For those who think trans people are deluded or “mentally ill,” again, these judgmental folks are just naturalizing what they feel, and pathologizing the feelings of those who differ from them. Just because you do feel and identify as the gender you were assigned to at birth, doesn’t mean that people who do not feel or identify as their birth-assigned gender are delusional. Even if you don’t understand how someone can feel a different gender from the one assigned to them at birth, or why they would want to change their bodies, at the very least, you can see the person’s distress. If you can use medical means, whether it’s surgery, hormones, or both to relieve that distress, why wouldn’t you?
N.B. Not all trans folks experience discomfort with their bodies or want to change them, but many of us do want to transition physically.
There are people, even some trans-friendly folks, who worry about the irreversibility of surgery. However, only a very small number of people regret their surgery. Moreover, doctors and other healthcare providers have to go through an interview with the person, to confirm that they do have gender dysphoria, that is, discomfort with their body and a genuine desire to change it.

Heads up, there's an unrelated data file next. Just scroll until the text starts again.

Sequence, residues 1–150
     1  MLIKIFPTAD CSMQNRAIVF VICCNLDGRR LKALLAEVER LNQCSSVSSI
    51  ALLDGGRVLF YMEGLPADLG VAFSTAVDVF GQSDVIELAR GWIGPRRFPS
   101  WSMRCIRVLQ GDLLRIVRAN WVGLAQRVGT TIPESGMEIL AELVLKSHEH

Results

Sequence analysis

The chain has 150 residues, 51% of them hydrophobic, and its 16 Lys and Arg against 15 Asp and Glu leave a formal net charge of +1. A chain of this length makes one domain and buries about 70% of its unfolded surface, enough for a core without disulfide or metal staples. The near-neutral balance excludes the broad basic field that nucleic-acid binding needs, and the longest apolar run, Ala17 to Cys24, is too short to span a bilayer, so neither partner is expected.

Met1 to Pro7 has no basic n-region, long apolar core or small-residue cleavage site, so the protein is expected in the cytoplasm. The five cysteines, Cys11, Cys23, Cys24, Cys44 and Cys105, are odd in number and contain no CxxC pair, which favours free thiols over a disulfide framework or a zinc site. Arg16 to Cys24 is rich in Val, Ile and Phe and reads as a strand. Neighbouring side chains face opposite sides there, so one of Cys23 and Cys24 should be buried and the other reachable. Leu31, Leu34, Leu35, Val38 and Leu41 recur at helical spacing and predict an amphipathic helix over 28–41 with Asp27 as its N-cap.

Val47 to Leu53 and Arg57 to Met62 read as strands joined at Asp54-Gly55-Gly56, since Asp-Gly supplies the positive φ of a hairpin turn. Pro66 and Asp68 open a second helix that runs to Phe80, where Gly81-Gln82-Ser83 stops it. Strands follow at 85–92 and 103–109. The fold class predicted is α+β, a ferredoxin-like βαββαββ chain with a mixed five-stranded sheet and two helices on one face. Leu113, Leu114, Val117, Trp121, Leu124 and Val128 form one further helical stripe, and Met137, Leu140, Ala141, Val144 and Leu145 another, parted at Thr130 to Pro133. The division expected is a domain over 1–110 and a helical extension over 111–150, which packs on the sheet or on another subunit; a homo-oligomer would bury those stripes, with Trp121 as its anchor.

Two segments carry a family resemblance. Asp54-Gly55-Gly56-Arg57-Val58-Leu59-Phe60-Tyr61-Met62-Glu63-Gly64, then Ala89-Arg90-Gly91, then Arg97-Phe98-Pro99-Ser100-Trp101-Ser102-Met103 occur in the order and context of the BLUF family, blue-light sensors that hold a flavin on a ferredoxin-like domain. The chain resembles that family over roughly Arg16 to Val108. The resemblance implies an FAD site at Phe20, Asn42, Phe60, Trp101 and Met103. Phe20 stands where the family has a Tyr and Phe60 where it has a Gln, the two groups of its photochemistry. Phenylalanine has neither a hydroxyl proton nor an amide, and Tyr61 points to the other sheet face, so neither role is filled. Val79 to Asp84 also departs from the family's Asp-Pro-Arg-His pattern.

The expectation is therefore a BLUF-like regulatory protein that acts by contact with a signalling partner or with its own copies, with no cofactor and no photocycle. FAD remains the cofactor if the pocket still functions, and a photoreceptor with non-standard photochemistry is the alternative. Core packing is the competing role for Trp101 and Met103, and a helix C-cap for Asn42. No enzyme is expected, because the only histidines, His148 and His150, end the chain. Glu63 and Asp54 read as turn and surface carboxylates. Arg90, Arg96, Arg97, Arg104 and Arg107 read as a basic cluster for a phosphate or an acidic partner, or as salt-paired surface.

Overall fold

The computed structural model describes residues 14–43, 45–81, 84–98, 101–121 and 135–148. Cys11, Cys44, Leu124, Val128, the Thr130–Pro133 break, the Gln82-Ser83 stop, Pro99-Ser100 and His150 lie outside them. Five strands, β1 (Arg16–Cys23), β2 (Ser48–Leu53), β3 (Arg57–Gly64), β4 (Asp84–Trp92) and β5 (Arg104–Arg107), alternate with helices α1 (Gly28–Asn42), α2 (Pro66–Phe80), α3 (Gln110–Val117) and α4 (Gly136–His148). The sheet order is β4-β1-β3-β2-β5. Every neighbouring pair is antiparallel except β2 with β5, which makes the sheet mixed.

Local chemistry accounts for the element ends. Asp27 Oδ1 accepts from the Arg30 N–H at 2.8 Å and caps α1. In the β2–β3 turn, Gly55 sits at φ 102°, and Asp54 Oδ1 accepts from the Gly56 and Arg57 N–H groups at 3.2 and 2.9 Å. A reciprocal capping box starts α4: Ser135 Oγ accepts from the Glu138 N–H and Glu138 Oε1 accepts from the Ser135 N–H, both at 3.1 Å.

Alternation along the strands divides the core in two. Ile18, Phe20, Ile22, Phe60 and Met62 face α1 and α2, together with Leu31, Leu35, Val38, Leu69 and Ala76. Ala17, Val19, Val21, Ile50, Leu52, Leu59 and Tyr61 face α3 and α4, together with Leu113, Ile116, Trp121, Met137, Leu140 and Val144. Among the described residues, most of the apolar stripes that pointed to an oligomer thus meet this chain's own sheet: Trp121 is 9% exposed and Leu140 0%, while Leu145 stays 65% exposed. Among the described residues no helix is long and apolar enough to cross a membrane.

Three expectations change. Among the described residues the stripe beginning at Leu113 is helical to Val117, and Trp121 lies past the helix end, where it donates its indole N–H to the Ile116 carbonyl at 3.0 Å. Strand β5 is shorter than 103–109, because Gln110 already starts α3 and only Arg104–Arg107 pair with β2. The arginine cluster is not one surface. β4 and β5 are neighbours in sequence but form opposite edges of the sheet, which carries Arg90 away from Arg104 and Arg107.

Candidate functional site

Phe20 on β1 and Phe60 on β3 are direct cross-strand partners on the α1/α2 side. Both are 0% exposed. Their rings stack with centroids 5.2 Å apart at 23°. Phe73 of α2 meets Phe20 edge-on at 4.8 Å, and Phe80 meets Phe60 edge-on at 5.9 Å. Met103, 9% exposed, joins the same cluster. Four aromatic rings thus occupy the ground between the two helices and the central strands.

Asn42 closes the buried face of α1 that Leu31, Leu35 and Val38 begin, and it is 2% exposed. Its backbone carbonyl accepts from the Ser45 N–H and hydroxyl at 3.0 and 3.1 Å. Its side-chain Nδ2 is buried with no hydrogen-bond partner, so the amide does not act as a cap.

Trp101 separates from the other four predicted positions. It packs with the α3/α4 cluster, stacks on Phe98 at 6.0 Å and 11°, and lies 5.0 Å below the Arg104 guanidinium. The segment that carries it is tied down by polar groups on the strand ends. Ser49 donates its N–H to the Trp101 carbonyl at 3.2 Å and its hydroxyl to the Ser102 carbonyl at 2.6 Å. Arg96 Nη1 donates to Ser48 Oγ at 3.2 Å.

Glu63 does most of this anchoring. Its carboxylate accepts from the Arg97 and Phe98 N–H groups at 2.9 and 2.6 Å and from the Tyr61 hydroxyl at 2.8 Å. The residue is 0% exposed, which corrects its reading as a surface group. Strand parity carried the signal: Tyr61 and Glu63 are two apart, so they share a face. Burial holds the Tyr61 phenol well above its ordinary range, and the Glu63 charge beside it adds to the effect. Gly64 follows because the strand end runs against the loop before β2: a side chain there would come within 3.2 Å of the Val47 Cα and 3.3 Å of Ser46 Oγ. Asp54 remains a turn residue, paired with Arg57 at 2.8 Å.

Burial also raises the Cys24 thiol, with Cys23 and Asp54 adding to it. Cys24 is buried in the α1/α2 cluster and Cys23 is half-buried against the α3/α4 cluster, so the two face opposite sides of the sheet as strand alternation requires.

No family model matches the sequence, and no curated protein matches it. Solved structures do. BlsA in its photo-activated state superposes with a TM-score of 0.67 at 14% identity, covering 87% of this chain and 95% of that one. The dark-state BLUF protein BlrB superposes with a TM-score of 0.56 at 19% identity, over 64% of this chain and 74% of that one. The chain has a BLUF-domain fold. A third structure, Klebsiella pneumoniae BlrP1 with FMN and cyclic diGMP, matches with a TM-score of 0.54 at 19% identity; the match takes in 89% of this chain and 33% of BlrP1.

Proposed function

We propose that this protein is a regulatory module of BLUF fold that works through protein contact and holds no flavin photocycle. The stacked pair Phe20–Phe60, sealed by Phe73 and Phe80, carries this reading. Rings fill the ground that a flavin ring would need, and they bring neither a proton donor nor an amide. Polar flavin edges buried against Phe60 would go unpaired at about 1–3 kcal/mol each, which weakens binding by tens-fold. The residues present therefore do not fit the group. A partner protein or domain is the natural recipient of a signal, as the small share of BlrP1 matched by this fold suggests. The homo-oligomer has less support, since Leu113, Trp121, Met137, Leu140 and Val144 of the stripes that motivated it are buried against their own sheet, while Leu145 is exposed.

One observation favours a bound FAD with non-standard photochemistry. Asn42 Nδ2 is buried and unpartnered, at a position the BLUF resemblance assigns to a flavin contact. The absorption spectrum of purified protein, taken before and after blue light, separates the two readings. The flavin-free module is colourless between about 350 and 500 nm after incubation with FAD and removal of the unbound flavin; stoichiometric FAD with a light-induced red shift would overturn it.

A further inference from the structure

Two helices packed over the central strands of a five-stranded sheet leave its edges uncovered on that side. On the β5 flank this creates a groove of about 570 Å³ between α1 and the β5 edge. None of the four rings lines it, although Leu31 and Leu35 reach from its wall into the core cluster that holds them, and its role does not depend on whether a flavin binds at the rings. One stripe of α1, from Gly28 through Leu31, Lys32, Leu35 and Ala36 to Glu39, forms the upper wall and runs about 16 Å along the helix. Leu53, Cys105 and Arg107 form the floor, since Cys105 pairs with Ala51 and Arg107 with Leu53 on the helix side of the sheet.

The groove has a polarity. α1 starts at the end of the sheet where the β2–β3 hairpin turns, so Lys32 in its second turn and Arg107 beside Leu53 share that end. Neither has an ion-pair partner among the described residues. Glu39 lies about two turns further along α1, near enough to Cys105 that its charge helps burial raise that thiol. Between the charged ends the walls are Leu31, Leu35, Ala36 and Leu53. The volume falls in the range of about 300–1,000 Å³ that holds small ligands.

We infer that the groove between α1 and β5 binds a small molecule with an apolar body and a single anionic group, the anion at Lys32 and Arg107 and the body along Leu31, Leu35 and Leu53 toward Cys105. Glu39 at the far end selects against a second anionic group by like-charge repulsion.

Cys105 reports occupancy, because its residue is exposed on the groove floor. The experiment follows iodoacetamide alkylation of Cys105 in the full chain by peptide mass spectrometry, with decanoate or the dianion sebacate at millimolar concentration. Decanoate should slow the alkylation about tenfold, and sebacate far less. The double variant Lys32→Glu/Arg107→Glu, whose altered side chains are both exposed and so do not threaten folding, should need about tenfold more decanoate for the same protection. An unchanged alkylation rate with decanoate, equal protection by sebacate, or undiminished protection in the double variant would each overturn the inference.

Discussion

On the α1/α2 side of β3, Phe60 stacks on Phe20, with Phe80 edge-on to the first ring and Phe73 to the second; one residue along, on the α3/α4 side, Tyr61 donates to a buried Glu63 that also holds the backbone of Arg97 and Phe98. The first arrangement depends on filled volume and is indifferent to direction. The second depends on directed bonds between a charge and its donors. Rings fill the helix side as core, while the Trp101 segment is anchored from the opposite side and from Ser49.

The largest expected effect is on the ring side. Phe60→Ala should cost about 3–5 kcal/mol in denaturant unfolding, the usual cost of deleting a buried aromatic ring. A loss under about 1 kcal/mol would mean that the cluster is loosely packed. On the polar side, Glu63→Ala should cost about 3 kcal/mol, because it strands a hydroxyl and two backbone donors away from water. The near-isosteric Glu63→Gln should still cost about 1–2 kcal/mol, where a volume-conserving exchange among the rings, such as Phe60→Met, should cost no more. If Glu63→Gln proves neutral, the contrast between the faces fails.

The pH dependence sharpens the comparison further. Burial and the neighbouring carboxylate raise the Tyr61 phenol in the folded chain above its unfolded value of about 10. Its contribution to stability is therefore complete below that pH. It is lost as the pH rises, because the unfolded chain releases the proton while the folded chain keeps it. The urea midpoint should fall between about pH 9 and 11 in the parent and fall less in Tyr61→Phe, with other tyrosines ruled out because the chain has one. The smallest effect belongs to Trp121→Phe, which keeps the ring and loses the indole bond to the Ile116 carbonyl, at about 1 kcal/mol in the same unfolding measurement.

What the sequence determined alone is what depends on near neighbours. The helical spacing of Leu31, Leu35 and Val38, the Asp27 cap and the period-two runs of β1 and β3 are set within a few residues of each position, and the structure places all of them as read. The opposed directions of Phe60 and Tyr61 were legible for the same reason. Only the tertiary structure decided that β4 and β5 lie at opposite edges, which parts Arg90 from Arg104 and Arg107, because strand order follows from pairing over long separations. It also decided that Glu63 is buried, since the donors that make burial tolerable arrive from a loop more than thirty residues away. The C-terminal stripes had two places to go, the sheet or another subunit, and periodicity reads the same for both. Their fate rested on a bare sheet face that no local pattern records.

Ultimately, it’s about understanding that others have different experiences from you, and respecting their experiences even if you can’t relate. For instance, a cis woman may not understand why one would want to get rid of their breasts, but I, as a transmasculine person, do not understand why one would want to keep them. Not all transmasc folks want to have a flat chest, but many, if not most, do.
The important thing is to not automatically pathologize, or even demonize, somebody else’s experiences just because you don’t have them yourself. And just because only a minority of people don’t feel the gender they were assigned to at birth, doesn’t mean that our feelings are wrong and invalid.
Why Do Some Anti-LGBTQ+ Christians Cling to Homophobic and Transphobic Beliefs, Even When There are No Logical Reasons to Support Them?